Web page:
“It was clear from the beginning that this was no conventional jobsite – no roar of a generator or shriek of a Skilsaw drowning out conversation. There was nothing here to be heard but the steady thumping of axes, the whisper of saws, and joyful laughter (with the occasional – and somehow fitting – exception of a jobsite speaker playing the Fugees, courtesy of Loïc). It was a rare moment in which there wasn’t someone sharing knowledge or a story with others. It would be easy to mistake this project for some kind of reenactment of olde-timey ways, but it was nothing of the sort. This week was a demonstration of convivial and sustainable manual work that is just as relevant in the 21st century as it was in the 12th.
It would have been something else entirely had we relied on the expediency of machines. This was made especially clear on the days throughout the week when the public came to watch. Folks of all ages were lined up at the edge of the worksite, standing in awe to see people using their hands to turn nature into culture. Grandparents, parents, and children alike were visibly moved by the scene. And in our conversations, I got the sense from some that although they thought they had come to watch burly carpenters manhandle massive logs, they discovered instead a display of respectful collaboration – of nature “manifest[ing] itself through the medium of human beings.”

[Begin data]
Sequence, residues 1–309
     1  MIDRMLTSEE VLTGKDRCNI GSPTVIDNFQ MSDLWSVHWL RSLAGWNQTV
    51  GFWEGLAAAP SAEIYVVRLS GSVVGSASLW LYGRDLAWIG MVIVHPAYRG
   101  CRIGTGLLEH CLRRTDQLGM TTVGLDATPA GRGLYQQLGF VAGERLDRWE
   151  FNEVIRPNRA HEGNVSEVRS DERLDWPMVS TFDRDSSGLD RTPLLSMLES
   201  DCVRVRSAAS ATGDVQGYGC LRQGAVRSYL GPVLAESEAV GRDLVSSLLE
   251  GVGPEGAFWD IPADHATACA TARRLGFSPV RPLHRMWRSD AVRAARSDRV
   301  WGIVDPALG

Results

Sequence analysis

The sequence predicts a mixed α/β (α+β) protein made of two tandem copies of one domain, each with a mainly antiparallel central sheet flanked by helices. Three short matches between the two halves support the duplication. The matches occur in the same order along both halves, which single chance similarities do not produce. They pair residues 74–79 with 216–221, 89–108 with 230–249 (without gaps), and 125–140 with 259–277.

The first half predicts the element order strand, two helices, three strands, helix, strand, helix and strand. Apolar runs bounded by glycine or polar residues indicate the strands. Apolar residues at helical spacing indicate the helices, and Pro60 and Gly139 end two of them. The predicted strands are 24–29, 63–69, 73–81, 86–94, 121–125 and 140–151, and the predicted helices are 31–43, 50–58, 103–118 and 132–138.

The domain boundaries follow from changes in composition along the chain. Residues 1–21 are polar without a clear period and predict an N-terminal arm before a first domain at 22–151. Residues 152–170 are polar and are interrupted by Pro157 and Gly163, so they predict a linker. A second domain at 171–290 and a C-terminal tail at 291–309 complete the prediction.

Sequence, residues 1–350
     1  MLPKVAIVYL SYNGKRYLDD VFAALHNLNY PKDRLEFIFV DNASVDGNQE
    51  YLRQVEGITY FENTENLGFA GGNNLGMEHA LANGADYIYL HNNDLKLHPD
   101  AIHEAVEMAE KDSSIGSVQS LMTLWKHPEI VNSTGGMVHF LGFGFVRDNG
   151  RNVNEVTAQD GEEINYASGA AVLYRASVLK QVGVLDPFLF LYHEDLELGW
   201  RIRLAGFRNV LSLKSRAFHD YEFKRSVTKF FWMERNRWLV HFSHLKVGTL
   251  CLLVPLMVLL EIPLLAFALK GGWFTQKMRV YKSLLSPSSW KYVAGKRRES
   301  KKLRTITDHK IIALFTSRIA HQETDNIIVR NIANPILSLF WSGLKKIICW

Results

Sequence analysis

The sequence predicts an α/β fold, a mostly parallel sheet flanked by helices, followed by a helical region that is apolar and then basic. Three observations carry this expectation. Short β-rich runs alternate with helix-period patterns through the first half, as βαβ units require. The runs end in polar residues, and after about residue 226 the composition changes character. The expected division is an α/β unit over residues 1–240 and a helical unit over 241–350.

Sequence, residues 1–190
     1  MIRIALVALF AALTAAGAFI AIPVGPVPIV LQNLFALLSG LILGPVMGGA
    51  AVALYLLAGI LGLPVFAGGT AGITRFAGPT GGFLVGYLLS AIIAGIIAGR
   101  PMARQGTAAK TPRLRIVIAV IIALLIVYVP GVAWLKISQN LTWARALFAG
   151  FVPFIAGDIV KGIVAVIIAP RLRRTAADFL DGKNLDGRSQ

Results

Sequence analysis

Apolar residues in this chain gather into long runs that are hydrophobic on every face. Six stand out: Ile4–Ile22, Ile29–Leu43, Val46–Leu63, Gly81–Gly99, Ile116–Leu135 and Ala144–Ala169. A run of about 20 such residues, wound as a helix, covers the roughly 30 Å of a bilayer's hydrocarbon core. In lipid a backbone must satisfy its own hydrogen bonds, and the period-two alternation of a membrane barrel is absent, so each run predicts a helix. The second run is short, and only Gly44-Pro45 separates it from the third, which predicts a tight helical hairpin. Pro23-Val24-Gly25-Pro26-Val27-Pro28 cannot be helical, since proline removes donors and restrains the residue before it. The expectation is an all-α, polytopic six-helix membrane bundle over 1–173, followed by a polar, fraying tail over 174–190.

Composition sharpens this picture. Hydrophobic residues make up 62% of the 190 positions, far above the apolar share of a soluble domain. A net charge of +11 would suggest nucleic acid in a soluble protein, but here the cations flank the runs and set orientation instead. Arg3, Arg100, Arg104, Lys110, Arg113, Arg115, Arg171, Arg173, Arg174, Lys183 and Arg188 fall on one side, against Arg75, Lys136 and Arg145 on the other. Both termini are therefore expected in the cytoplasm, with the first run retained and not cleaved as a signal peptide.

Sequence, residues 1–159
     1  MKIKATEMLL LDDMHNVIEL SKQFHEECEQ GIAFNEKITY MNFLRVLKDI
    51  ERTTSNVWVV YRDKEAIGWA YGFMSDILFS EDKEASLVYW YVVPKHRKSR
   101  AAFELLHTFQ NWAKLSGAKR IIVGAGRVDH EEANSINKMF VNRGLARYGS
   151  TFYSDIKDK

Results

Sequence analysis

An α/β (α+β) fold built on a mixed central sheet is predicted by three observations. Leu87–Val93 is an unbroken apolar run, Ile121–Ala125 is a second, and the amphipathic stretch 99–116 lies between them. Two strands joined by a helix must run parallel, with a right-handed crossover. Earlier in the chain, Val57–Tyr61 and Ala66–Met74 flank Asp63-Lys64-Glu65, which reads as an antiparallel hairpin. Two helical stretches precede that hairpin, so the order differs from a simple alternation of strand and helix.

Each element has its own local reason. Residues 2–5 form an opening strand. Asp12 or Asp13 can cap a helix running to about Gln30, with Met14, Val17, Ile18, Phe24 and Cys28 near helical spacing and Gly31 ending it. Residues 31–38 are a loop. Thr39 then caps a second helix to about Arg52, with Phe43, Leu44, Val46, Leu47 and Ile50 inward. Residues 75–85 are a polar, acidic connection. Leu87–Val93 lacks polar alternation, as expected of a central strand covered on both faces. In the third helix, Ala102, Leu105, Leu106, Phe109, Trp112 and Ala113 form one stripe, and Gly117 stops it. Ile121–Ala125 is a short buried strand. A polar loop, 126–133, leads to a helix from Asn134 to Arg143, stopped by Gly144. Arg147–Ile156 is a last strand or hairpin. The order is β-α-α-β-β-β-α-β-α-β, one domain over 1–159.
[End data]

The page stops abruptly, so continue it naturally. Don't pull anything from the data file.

– Joshua A. Klein, excerpt from “Showing Us What is Possible: A New Vision of Work from Charpentiers Sans Frontières” in Issue Eight, available here.